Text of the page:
- Children progress on their writing journey in Early Years and use their phonic skills to segment words to spell. Writing happens at different points throughout the day, as part of the daily discrete phonics lesson, during the children’s play in continuous provision, as part of other lessons etc. All of these tasks show the children the purpose of writing and how they can use their phonic skills to communicate meaning through print.
In the first half of the Autumn term, Year 1 will revise Phases 2 and 3 to ensure that previous learning is consolidated and embedded alongside Phase 4 and will then move on to Phase 5. At the end of Year 1 the children will carry out the Dfe Phonics Screening Check.
- All of the systems in place in Early Years, daily discrete phonics sessions, guided reading, books bands continue in Year 1 ensuring the children are given the opportunity to apply their increasing phonic knowledge.
- Discrete phonics lessons continue in addition to reading and English lessons. All of which ensure children are given the opportunity to review previous phonics knowledge and to apply it for both reading and spelling/writing.
- Children now also being to take home key words to learn how to read and spell – again these follow the progression set out in Letters and Sounds. These include the Dfe Year 1 common exception word list.
- Once children have completed the Book Band colour levels up to Turquoise they will have become competent at using their knowledge of Phases 2-5 to decode; following this they then move on to Accelerated Reader in order to develop their comprehension skills further.
It is important that the five phases of Letters and Sounds are embedded and the children have a solid understanding of the key knowledge and skills before the final sixth phase is introduced in Year 2. Phase 6 mainly focuses on common spelling rules and patterns.
- Discrete phonics lessons continue for all children. At the beginning of the Autumn term in Year 2 phonics will focus on revision of phase 5 content; following this they will then move on to the spelling rules in phase 6 whilst at the same time reviewing phase 5 alongside. Any children also requiring additional help with their phonics will also be given support through additional small group intervention sessions.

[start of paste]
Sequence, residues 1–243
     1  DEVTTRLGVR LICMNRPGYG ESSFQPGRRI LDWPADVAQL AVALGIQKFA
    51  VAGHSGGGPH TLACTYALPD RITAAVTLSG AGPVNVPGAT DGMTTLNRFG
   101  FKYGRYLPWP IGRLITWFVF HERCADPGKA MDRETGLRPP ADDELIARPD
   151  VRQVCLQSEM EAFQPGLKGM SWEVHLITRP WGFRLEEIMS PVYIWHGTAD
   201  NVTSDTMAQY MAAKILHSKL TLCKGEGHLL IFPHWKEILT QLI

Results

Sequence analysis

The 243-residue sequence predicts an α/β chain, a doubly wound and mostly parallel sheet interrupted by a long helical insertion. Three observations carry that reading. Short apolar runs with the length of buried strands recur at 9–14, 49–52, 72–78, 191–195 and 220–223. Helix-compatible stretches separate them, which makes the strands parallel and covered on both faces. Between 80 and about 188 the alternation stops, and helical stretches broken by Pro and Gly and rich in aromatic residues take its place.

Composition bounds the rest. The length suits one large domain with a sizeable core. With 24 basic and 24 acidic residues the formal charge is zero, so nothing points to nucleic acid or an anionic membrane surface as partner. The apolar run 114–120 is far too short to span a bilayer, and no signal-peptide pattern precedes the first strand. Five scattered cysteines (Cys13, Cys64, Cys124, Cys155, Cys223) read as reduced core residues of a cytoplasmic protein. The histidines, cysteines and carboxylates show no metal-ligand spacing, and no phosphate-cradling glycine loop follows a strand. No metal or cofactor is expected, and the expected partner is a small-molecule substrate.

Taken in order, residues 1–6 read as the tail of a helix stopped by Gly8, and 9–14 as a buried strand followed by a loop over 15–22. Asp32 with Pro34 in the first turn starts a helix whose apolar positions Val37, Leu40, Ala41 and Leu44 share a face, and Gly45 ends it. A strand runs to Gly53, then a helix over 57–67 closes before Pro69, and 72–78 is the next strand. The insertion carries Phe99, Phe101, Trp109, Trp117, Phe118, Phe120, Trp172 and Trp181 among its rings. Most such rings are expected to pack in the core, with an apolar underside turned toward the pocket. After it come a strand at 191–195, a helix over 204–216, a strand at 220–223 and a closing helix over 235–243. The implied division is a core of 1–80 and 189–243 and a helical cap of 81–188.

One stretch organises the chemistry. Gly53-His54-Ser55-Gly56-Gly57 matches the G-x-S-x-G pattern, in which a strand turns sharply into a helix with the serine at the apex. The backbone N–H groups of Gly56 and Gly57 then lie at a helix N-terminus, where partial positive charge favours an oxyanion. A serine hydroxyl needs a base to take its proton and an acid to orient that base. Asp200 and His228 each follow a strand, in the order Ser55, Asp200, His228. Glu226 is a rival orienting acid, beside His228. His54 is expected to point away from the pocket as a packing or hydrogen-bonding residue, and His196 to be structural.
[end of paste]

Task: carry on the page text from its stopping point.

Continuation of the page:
- Any child who was still working toward the expected level in the DFe Phonics Screening Check in Year 1 will retake the check again at the end of Year 2.
- In Year 2 the majority of the class will then move away from guided reading sessions to whole class reading lessons. For those who still need additional support small group guided reading sessions will continue and children will still work through the Book Band colour until they have completed Turquoise level and ready for Accelerated Reader.
- The spellings sent home follow the weekly content of the phonic/spelling lessons and the children also learn how to spell the common exception/high frequency words.
- Children will of course be given lots of writing opportunities in English lessons and across the curriculum where they can apply all of the phonic knowledge they have built up since Early Years.
For any children who still need phonics support beyond Year 2 there are a range of strategies and resources we use. Phonics lessons will continue and support programs such as Nessy, No Nonsense Phonics are also be used. Dependent on the individual phonic needs, additional sessions are put in place for the identified children, usually in small groups. For any KS2 children who still need to access phonic reading books we have sets of phonic books that contain content more suitable and enjoyable for the older children in Key Stage 2.
Classroom Learning Environment for Phonics
Each classroom in Early Years and Key Stage 1 has a Phonics Working Wall. Here the sounds that the children are currently working on are displayed with words and sentences containing those sounds. The wall also displays the sounds that the children have already covered to help keep this knowledge prominent in their minds and so the children can clearly see how these sounds are written.
The children’s phonic knowledge is assessed regularly and the phonic lessons are planned in response to this. Any children who have gaps in their phonic knowledge are quickly identified and given support in the form of additional phonics sessions often as part of a small group.
All phonics sessions, both whole class and small group, are delivered in a fun and engaging way. A wide range of resources and strategies are used to ensure the children are interactive. Here are a few examples of some core strategies and resources we use:
Clear Pronunciation –pure sounds only
Phoneme Frame – put each sound in a box
Sound Buttons – mark each sound with a dot or dash
Phoneme Fingers – count the sounds
Sound Fans – ‘use your fan to show me…’